Principles for Divorced Men
Divorce is a fact of life in America. But are there rules of etiquette when it comes to the aftermath of failed marriages? It is going to be difficult for everyone, especially the children, but there are ways to lessen the blow and let the healing process begin. We can moderate our behavior and words in ways that, at the very least, do not create more trouble.
The relationship we forge post-marriage with our ex, and how much integrity with which we conduct ourselves, will go a long way in determining how the family pulls through. There is hope in making it better by considering this code of honor for the divorced dad.
D – Devotion to family harmony first. By placing the emotional security of the family above our own feelings, we provide a greater sense of stability. That will benefit our children greatly as they continue to grow.
I – Integrity in behavior. A divorced man is starting a brand new life and that will bring new people and new life events. However, your children are still sponges and they are soaking up your every move.
V – Vigilant in protecting our children. Though we may be removed from them physically at times after the divorce, we must still anticipate trouble and stay fully involved in their daily lives.
O – Optimistic about the future. When parents divorce, oftentimes children feel like their world has collapsed. Be sure to instill hope in your children that better times are ahead and that you will always be part of their lives.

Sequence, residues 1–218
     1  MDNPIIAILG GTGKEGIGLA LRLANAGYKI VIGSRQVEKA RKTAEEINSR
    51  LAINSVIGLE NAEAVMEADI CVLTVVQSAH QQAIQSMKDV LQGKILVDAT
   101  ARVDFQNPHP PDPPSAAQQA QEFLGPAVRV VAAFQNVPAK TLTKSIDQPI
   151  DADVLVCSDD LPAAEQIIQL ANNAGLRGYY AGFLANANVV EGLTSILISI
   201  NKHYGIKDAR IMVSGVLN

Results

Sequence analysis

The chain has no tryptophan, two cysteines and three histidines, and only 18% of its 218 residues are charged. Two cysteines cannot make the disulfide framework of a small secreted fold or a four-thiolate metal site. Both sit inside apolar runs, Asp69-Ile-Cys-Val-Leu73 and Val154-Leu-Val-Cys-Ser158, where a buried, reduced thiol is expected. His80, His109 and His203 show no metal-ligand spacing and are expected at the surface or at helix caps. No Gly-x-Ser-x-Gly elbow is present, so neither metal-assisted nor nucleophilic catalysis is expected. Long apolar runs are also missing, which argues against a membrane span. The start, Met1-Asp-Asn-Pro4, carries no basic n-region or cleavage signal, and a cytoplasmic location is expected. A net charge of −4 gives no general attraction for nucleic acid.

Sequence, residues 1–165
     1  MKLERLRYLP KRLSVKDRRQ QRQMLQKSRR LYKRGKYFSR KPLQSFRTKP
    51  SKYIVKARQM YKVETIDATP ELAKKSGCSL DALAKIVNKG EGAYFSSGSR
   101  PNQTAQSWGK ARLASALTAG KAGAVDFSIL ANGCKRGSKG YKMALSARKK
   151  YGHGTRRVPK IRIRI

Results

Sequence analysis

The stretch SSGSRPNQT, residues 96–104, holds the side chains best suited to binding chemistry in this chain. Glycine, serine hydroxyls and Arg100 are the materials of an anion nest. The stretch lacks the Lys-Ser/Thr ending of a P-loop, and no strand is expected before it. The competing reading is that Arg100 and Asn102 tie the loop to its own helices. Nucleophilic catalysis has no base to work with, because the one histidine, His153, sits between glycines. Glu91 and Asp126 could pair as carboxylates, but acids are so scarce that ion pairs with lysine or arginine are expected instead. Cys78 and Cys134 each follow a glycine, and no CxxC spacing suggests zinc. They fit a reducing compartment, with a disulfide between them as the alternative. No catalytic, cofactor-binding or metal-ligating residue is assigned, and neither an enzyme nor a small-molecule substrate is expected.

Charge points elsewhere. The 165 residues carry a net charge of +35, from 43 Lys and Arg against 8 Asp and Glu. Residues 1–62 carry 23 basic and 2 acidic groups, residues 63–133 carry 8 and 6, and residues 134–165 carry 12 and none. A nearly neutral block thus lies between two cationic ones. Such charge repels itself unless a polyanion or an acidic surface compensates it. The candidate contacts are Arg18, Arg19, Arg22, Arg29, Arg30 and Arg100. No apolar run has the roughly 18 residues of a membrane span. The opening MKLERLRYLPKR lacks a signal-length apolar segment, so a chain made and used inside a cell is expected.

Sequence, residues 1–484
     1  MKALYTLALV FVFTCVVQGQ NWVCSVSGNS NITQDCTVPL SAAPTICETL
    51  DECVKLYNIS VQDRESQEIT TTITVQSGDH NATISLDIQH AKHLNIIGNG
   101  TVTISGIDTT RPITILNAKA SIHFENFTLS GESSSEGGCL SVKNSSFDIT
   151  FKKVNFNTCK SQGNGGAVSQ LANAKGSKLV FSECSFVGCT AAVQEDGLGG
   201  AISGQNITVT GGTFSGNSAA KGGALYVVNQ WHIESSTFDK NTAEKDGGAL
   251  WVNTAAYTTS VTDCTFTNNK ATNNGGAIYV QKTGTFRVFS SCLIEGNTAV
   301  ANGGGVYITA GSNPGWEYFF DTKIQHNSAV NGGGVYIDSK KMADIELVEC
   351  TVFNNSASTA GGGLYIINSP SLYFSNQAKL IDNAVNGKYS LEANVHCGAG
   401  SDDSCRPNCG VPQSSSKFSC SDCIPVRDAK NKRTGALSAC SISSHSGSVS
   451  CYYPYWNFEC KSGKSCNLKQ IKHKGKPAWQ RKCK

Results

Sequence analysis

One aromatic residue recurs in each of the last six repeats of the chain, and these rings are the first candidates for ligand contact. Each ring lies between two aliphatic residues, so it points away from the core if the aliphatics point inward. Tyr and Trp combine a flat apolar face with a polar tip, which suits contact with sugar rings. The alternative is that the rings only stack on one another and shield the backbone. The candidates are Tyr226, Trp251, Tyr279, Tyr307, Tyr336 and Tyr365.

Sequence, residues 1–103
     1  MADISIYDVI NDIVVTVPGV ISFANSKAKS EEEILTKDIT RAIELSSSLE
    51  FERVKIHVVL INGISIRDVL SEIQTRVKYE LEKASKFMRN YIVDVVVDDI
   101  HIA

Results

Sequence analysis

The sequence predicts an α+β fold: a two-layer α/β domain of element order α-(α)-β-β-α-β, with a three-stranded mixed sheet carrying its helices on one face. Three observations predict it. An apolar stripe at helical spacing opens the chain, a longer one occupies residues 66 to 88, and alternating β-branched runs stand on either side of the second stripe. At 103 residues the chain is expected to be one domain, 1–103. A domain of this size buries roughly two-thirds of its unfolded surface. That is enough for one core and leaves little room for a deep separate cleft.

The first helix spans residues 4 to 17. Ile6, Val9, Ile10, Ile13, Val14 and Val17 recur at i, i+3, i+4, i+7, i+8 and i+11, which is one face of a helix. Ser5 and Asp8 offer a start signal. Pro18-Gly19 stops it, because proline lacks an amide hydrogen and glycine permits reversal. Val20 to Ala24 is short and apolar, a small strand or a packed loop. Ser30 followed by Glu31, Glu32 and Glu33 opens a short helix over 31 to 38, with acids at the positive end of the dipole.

R – Reliability in honoring commitments. Whether court ordered, or mutual agreements upon splitting, it is essential that a father keep his word and provide for his family whatever he has promised them.
C – Consistency with time. As time moves forward, our lives will bring new challenges and commitments…and perhaps a new family. Be sure to remain consistent with your children and not allow them to feel like they are forgotten. [Tweet This]
E – Evaluate our parenting performance regularly. Self-reflection will be critical in moving our own lives forward. It is the same with our job as a parent. Make it routine to assess what we are doing well and areas where we can improve.
Which one of these principles do you think is the hardest to live by?